PH to pay Taiwanese
Govt offers NT$1-m in aid; another payment up
The Philippines’ resident representative in Taiwan said Wednesday the government has offered NT$1 million (about P1.38 million) as assistance to the family of the Taiwanese fisherman who was shot dead by Philippine Coast Guard personnel in the waters off Batanes on May 9, on top of a still undetermined amount as compensation.
The announcement from Antonio Basilio of the Manila Economic and Cultural Office came as the Palace reported that tension over the shooting had “eased a little” in Taiwan, where several attacks against Filipino workers were reported.
Deputy presidential spokeswoman Abigail Valte said President Benigno Aquino III’s statement thanking the Taiwanese for their assurances that Filipino workers on the island would be protected was “received well” in Taipei.
“From what we have seen, tensions have already eased a little,” she added.
In a separate interview, Basilio said the government has yet to arrive at a final figure for the compensation for the death of Hung Shih-cheng, the 65-year-old fisherman.
“We are in the process of finding out what is acceptable. It will be premature to disclose any figure at this point,” Basilio said.
Basilio said compensation will be made in NT dollars, “regardless of the outcome of the investigation” on the circumstances surrounding Hung’s death.
Basilio said the Philippine government has already made a donation of NT$1 million.
Hung was killed when Philippine Coast Guard personnel opened fire on the fishing boat Guang Ta Hsin 28 for allegedly ramming their boat to thwart attempts to apprehend them for entering the country’s waters.
Basilio also said that he has already sent a memo to Foreign Affairs Secretary Albert del Rosario that he never offered a joint probe with Taiwan.
“I never said that there will be a joint probe. I think it was a problem of translation because they interpreted our commitment to cooperate as a joint probe when we were only referring to information exchange,” he said.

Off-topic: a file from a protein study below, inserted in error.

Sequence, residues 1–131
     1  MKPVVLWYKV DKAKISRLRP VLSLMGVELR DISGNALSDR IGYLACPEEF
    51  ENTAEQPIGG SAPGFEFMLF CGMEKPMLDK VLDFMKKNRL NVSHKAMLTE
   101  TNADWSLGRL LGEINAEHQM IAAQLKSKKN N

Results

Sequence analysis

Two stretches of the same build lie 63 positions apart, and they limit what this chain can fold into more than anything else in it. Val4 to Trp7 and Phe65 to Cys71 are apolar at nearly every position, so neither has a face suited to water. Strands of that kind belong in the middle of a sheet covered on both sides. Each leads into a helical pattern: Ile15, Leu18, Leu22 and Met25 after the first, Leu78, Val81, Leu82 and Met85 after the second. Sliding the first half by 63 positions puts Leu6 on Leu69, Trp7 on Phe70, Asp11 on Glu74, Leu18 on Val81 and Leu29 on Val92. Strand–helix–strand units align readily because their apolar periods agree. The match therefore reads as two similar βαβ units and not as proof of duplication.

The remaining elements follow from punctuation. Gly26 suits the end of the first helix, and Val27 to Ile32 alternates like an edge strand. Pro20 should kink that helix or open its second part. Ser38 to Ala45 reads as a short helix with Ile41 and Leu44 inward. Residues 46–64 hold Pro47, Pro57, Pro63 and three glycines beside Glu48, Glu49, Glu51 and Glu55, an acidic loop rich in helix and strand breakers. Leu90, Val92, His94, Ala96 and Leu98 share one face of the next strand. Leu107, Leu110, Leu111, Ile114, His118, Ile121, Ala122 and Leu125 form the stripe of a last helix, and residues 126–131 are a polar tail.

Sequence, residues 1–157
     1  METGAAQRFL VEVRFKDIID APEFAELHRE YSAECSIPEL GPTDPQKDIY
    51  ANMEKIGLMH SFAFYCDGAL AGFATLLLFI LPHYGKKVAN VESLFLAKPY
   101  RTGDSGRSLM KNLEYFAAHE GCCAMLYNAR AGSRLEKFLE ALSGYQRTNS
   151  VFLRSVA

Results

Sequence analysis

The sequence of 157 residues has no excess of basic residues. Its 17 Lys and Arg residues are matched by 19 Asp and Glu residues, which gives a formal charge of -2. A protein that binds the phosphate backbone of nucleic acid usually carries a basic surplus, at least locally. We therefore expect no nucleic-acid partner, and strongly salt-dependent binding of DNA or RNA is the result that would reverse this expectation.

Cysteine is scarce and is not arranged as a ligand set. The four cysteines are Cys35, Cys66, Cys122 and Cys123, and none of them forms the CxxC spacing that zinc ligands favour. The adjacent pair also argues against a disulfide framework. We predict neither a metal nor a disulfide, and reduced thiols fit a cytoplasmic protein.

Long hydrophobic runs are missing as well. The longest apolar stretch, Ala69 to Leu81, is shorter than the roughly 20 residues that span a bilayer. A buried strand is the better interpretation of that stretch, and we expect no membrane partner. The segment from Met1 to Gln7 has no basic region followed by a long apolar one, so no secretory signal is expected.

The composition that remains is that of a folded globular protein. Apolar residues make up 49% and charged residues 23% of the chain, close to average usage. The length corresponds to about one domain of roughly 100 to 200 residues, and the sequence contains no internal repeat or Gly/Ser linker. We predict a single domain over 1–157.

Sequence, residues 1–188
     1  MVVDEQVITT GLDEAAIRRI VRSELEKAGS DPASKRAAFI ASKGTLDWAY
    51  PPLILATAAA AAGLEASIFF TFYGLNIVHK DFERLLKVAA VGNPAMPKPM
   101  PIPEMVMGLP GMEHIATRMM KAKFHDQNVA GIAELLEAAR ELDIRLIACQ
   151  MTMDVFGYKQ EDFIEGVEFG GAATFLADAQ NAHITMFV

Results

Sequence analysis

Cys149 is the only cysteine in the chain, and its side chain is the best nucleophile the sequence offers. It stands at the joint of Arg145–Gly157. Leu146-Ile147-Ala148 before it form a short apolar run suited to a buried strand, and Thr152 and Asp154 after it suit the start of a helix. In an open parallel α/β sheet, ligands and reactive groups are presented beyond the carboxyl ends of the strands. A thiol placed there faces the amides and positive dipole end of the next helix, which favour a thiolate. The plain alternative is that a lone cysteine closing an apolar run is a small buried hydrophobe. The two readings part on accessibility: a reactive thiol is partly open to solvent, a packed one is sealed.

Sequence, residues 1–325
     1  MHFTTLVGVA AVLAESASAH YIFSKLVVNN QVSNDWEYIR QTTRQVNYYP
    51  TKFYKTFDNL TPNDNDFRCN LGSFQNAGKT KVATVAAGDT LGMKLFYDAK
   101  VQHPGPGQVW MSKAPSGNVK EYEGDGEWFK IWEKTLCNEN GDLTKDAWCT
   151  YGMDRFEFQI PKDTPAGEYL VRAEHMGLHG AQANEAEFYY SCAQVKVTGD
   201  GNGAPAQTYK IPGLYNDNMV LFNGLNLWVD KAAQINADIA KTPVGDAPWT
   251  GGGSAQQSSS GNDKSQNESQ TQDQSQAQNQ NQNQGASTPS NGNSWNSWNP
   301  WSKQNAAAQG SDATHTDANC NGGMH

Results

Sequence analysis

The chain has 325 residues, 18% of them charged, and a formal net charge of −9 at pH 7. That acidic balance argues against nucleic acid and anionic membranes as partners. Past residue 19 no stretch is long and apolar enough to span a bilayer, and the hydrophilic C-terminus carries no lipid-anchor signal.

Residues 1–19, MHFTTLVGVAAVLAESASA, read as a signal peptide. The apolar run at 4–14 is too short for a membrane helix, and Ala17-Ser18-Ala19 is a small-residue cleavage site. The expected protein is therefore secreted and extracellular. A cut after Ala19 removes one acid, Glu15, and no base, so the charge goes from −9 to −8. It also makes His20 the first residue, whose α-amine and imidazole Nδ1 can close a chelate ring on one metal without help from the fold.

Del Rosario accepted his explanation, Basilio added.
On Tuesday, Mr. Aquino said the National Bureau of Investigation has already concluded its investigation into the incident and that only the physical examination of the Taiwanese fishing vessel remains to be done.
Justice Secretary Leila de Lima said the Taiwanese government has allowed the NBI to gather evidence in Taipei to complete its probe.
An NBI team that would leave soon will be allowed to interview Hung’s companions and examine their fishing vessel, De Lima added.
“More or less, we now have a substantive and clear picture of what really happened,” she said.
De Lima said she has also viewed the video of the incident submitted by the Coast Guard to the NBI.
“It’s very revealing,” she said, but declined to offer any details.
Taiwan has called on Manila to make the video public, but the Philippines has so far refused, causing doubt about the recording’s existence or authenticity.
De Lima stood firm on her earlier pronouncement that the incident happened in Philippine waters, contradicting a claim by the Taipei Economic & Cultural Office in Manila that the incident took place within overlapping exclusive economic zones of Taiwan in the Philippines, 39 nautical miles off Batanes.
In retaliation, Taiwan has suspended the hiring of Filipino workers and imposed a travel alert against travel to the Philippines.
Valte said the Tourism Department will shift its focus to other tourism markets amid reports of cancellation of hotel reservations of Taiwanese bound for the Philippines.
“Of course we’re hoping also that this will come to pass,” she added.
Valte acknowledged that the travel alert will have an impact on the tourism industry since Taiwan is the fifth largest market for foreign arrivals.
In Taipei, the Ministry of Justice said the Philippines has filed a request for bilateral judicial assistance in the case.
Justice Vice Minister Chen Ming-tang said Taiwan would announce its decision on the request after it has received it.
On May 15, Taiwan announced 11sanctions against the Philippines, including a freeze on the hiring of new Filipino workers, the recall of its representative from Manila and a red-level alert for travel to the country.
Taiwan has said the sanctions will only end when Manila meets its key demands, including a sincere apology, compensation for Hung’s family, the prosecution of those responsible for the shooting and a start of work toward a fishery agreement.
Also on Wednesday, the Philippine National Police assured Taiwan nationals that they were safe despite tensions between the two countries.
PNP spokesman Chief Supt. Generoso Cerbo Jr. advised Taiwanese nationals to go to a nearby police station if they think they are threatened.
Amid strong anti-Filipino sentiment, a reporter in Taiwan was fired for fabricating a story about a diner refusing to serve Filipinos. The reporter, identified only as Cheng, wrote on his Facebook page that he witnessed a diner owner refusing to sell boxed lunches to two men after discovering that they were Filipinos, according to Lih Pao newspaper.
When Cheng’s superior asked to meet the owner to verify the story, the reporter sent an impostor and later admitted that he never saw the incident take place, the newspaper said in its apology. With Rey E. Requejo and Francisco Tuyay
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